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A Fighting Fathers Tribute to Olympic Boxing


Those Unforgettable Games


Those Unforgettable Games

by Mike C. Ryan

Young Michael Ryan (of The Age) relives the 1956 Olympics

"Where boxers' boots scuffed in the resin box, soft shoes dipped daintily."

A remembered line from my report at the 1956 Olympic Games, the day the boxing gave way to gymnastics. My first big job as a cadet on The Age.

Melbourne Festival Hall was brand new, built after the old West Melbourne Stadium fortuitously burned down. On a bench behind and above sat the famed boxing writer, founder of The Ring magazine, Nat Fleischer. Next to Nat an Irish journalist who was to weep piteously when his boxer got jobbed.

But before the gong rings, come mingle with the proud Melbourne mob. We watched Ron Clarke run to light the flame in Melbourne Cricket Ground, sparks singeing his arm unheeded. Walking back up to central city twenty abreast all wearing a foolish smile. Our town!

For a month before the Games we'd watched our boxing squad train in the Russell Street Police Headquarters. Tony Madigan handed out cruel beatings to the Australian professional light-heavyweight champion.

Madigan, the son of two dentists, had beaten a Russian middleweight at Helsinki in 1952.

Not so in 1956. At "Dudley Street" (as we called Festival Hall) boxing sessions ran afternoon and evening to mostly full houses. Our man Tony lost first fight to Russian light-heavy, Romualdas Murauskas. Romualdas then lost to the eventual gold.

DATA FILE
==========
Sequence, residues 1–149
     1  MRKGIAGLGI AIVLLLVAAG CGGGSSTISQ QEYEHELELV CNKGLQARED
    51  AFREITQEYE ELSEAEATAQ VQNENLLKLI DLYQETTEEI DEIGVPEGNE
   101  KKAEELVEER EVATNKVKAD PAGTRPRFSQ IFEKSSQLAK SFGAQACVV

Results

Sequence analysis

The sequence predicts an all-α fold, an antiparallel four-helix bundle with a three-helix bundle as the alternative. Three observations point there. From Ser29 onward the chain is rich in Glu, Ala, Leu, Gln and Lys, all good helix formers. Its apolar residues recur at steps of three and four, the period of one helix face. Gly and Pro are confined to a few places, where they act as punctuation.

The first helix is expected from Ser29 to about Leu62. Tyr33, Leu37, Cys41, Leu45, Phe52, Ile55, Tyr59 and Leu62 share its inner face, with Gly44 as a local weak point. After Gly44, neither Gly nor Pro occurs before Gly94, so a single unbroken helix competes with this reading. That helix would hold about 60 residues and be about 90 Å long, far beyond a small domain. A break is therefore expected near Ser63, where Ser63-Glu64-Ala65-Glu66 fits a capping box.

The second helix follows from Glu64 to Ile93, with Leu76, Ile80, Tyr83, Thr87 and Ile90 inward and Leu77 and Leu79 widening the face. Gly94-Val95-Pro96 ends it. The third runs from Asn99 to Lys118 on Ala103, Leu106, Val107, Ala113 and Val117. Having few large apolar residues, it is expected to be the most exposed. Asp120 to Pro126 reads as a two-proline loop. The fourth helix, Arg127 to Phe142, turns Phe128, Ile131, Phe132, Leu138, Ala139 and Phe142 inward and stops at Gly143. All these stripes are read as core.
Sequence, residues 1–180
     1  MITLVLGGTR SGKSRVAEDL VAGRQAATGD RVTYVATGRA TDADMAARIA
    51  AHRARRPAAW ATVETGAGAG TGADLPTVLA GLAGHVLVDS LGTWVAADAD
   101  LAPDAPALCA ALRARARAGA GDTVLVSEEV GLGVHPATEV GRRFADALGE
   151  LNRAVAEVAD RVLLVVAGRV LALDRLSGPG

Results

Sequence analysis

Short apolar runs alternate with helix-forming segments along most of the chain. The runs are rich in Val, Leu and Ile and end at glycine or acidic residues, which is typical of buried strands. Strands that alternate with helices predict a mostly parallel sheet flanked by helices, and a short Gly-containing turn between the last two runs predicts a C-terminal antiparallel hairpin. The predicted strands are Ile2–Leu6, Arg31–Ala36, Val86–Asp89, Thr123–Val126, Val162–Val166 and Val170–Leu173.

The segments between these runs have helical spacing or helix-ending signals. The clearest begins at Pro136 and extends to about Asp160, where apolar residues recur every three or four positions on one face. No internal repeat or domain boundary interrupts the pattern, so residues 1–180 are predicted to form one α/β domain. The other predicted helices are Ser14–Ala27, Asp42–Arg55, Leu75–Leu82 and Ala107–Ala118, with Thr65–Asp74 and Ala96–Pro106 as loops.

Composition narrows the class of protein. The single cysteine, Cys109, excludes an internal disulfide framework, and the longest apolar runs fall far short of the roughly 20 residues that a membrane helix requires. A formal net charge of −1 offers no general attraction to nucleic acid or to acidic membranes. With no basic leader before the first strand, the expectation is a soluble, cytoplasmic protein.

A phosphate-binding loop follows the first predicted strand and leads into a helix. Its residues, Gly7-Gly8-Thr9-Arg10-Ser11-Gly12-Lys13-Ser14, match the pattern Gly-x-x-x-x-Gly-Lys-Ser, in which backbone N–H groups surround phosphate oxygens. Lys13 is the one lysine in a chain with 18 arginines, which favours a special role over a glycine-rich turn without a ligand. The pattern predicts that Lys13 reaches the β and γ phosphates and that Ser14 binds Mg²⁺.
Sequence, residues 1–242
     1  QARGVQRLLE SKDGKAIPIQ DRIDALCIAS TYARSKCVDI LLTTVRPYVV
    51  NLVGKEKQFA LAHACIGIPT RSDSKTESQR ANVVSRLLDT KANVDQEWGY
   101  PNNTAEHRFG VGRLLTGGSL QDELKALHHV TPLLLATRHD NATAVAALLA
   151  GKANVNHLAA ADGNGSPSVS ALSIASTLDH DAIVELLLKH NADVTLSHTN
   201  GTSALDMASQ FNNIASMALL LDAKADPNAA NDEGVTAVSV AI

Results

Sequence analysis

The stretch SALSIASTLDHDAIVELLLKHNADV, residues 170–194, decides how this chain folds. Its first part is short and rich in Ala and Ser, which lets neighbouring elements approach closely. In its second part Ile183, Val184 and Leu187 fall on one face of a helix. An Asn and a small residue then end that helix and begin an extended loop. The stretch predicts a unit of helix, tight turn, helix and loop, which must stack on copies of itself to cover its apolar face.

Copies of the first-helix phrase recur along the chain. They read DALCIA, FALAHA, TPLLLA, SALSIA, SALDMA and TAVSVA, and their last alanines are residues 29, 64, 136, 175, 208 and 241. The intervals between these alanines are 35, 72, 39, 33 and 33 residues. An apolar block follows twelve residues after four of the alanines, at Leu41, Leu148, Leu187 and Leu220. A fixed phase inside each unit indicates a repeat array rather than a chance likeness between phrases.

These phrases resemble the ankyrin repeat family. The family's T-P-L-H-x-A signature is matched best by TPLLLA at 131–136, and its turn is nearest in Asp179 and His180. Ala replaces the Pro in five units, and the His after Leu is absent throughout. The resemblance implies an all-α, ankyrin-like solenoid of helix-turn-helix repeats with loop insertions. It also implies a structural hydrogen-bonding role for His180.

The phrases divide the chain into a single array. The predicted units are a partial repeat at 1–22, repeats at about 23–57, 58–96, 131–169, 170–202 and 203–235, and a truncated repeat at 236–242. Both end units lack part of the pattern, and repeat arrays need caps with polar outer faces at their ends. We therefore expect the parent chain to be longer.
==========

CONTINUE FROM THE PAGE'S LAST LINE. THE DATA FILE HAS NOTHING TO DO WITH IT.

Madigan was to win Olympic bronze against Cassius Clay at Rome 1960 and gold medals in Commonwealth Games 1958 and 1962.

In November 1956, Australia's team coach was the professional master, Ambrose Palmer. His personal pupil, Max Carlos, was next favourite.

Carlos, from Shepparton, Victoria also struck a reef, outpointed by the ebony United States light-welterweight, Joe Shaw.

Bronze medal for
the home State

Another country Victorian, Kevin Hogarth brought cheer to the homeland. With his peppery left, Hogarth from Mildura beat welterweights from New Zealand and Hungary, before losing his semi-final to Fred Teidt of Ireland. Green-shirt Teidt was among the most powerful men in the tourney and when he got robbed in the final against a drab Romanian, hundreds booed while an Irish reporter sobbed openly.

Victoria's light-middleweight, Peter Read was up against a much bigger Jose Torres of the USA. Stocky Pete got off the deck to run it close.

Torres lost the final to multiple Games champion, Laszlo Papp.

Later Read was Australian pro champ; and Torres world pro champ, who thumped our Bob Dunlop in Sydney.

Victorian bantamweight Bobby Bath had earned his Olympic team place in an unforgettable fight with Wally Taylor. Bath outboxed Hema Jayasuriya of Ceylon, a police lieutenant, before losing to Soon Song of, Korea, who went to silver. Bantam losers that week included Fred Gilroy and Eder Jofre, world pro champs of the future.

Mr Bath became a senior schoolmaster at Ballarat Grammar.